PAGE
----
Crows Nest Metro Station
Approval granted by NSW Government to build three of 21, 17 and nine storeys above Crows Nest metro station as part of the latest major “over-station development” for Sydney.
The design of the metro station and integrated development is being overseen by Woods Bagot and the Crows Nest Design Consortium, which is led by SMEC also includes Robert Bird, NDY and landscape architect Oculus.
In September 2020, Sydney Metro submitted an amended concept application reducing the biggest tower from its original 27 storeys to 21 storeys. The tower will also be changed from residential to commercial, and will now house 40,300 square metres of office space.
The 17-storey tower will include 13,000 for residential uses with the hotel proposed in earlier plans dropped.
The changes were made after a period of public exhibition attracted some 655 submissions from the public, the vast majority of which objected to the proposal, with the size and bulk of the proposal a major concern. North Sydney Council objected to the original proposal, citing excessive overshadowing of Ernest Place and Willoughby Road and the visual impact of the development which “has a high propensity to be quite overbearing and potentially inconsistent with the highly valued character of Crows Nest.” The council also suggested that affordable housing should be included in the residential component. The amended proposal includes an allocation of 5 percent affordable housing, to be managed by a community housing provider.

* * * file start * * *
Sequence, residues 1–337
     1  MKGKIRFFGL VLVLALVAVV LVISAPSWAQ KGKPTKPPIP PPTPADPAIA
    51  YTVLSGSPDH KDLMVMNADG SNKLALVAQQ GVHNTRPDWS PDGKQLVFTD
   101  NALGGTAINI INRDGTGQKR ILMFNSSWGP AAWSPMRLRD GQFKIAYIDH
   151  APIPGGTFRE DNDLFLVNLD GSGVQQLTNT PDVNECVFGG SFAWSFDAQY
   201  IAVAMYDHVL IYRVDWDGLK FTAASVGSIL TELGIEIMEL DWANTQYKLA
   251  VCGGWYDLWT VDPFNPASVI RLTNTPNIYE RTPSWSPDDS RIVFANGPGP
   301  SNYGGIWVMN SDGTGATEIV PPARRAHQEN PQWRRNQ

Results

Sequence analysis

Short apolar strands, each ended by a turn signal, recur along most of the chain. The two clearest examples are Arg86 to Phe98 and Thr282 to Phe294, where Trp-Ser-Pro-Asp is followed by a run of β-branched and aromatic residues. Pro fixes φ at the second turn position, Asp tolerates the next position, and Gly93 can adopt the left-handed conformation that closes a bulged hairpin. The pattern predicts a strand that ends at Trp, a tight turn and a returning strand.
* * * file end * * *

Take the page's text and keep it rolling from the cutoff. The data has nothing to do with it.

The amended concept proposal attracted 29 submissions, with the bulk of the public submissions again objecting to the proposal.
Planning mister Rob Stokes defended his decision to approve the concept proposal. “While I understand that some current Crows Nest residents won’t be happy about growth, this proposal has improved considerably,” he said
“Residents were concerned about overdevelopment, and for more focus on providing more jobs than more homes. In response, the building envelope has been reduced, jobs capacity doubled and the number of new homes halved.”
The government will now seek interest from the private sector to develop the precinct and progress to detailed design.